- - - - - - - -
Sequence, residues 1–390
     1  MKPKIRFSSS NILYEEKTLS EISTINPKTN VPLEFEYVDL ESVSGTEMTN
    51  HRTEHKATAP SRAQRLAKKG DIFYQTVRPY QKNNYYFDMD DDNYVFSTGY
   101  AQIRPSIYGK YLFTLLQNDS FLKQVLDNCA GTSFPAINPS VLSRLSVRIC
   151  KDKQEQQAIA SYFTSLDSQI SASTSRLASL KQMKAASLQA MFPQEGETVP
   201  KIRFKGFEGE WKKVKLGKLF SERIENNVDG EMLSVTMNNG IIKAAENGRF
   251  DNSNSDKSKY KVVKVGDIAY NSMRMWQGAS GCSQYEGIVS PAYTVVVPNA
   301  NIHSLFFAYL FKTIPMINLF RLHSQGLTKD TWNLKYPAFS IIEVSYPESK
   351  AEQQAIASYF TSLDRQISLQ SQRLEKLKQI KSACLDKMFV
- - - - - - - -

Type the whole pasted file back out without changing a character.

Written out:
Sequence, residues 1–390
     1  MKPKIRFSSS NILYEEKTLS EISTINPKTN VPLEFEYVDL ESVSGTEMTN
    51  HRTEHKATAP SRAQRLAKKG DIFYQTVRPY QKNNYYFDMD DDNYVFSTGY
   101  AQIRPSIYGK YLFTLLQNDS FLKQVLDNCA GTSFPAINPS VLSRLSVRIC
   151  KDKQEQQAIA SYFTSLDSQI SASTSRLASL KQMKAASLQA MFPQEGETVP
   201  KIRFKGFEGE WKKVKLGKLF SERIENNVDG EMLSVTMNNG IIKAAENGRF
   251  DNSNSDKSKY KVVKVGDIAY NSMRMWQGAS GCSQYEGIVS PAYTVVVPNA
   301  NIHSLFFAYL FKTIPMINLF RLHSQGLTKD TWNLKYPAFS IIEVSYPESK
   351  AEQQAIASYF TSLDRQISLQ SQRLEKLKQI KSACLDKMFV